InterDigital develops fundamental wireless technologies that are at the core of mobile devices, networks, and services worldwide. As a long-standing contributor to the evolution of the wireless industry, we solve many of the industrys most critical and complex technical challenges years ahead of market deployment. Our advanced solutions support more efficient wireless networks, a richer multimedia experience, and new mobile broadband capabilities. Accordingly, we have established licenses and strategic relationships with many of the worlds leading wireless companies.

InterDigital, Inc. 781 Third Avenue King of Prussia, PA 19406 USA www.interdigital.com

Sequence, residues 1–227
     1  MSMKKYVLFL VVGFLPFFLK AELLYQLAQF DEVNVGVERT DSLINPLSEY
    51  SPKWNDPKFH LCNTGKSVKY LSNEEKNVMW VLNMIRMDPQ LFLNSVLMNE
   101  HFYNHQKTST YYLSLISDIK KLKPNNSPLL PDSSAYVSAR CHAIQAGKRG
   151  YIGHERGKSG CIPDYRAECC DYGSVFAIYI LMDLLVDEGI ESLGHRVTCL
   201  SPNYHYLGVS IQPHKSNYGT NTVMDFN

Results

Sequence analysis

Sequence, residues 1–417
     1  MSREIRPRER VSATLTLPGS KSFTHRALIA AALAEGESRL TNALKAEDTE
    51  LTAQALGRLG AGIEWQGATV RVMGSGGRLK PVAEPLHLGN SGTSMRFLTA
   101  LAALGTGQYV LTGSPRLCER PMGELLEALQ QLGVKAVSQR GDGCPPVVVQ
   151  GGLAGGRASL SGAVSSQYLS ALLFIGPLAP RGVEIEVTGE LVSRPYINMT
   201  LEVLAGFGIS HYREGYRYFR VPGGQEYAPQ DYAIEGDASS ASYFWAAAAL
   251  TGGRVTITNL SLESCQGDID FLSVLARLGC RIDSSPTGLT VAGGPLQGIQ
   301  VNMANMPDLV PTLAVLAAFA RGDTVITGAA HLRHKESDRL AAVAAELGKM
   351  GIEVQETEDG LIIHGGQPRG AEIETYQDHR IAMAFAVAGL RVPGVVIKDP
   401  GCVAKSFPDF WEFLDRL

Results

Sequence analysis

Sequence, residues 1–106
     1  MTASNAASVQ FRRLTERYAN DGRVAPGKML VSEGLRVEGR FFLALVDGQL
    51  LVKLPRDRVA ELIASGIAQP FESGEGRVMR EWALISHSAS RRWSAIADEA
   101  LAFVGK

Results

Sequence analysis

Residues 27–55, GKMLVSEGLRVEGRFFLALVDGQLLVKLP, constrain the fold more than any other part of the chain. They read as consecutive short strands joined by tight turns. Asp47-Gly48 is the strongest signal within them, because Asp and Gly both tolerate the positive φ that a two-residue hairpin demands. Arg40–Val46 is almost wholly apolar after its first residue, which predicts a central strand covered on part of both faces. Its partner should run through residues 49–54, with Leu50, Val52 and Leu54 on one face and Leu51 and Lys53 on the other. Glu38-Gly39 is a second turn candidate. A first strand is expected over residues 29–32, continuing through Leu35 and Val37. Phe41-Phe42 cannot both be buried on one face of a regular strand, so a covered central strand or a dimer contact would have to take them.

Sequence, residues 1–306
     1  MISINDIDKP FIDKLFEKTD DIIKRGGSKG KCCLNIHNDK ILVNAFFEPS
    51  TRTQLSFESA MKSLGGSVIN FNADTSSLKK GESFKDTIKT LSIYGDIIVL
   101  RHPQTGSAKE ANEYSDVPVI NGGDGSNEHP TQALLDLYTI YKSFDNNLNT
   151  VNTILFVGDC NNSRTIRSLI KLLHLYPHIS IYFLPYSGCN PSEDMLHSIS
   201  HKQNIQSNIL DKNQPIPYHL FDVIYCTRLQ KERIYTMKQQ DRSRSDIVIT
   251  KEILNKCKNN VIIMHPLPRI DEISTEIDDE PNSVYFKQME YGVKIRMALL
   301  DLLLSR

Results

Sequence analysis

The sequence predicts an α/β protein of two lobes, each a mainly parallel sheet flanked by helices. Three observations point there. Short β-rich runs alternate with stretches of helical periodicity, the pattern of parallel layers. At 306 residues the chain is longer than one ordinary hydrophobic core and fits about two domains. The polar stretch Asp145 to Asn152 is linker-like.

InterDigital, Inc. 2012. All rights reserved. This work was prepared and contains information supplied by, InterDigital, Inc. and/or its affiliates (hereinafter, InterDigital). All information, including performance information, contained herein is provided on an AS IS basis without any warranty as to its accuracy or results. InterDigital expressly disclaims any and all liability for any errors or omissions. InterDigital reserves the right to modify this work and the information contained herein without notice. No part of this work may be reproduced, in whole or in part, except as authorized in writing by InterDigital, irrespective of the type of media in which the information may be embodied. InterDigital is a registered trademark of InterDigital, Inc. Wi-Fi is a registered trademark of the Wi-Fi Alliance. All other trademarks are the sole property of their respective owners.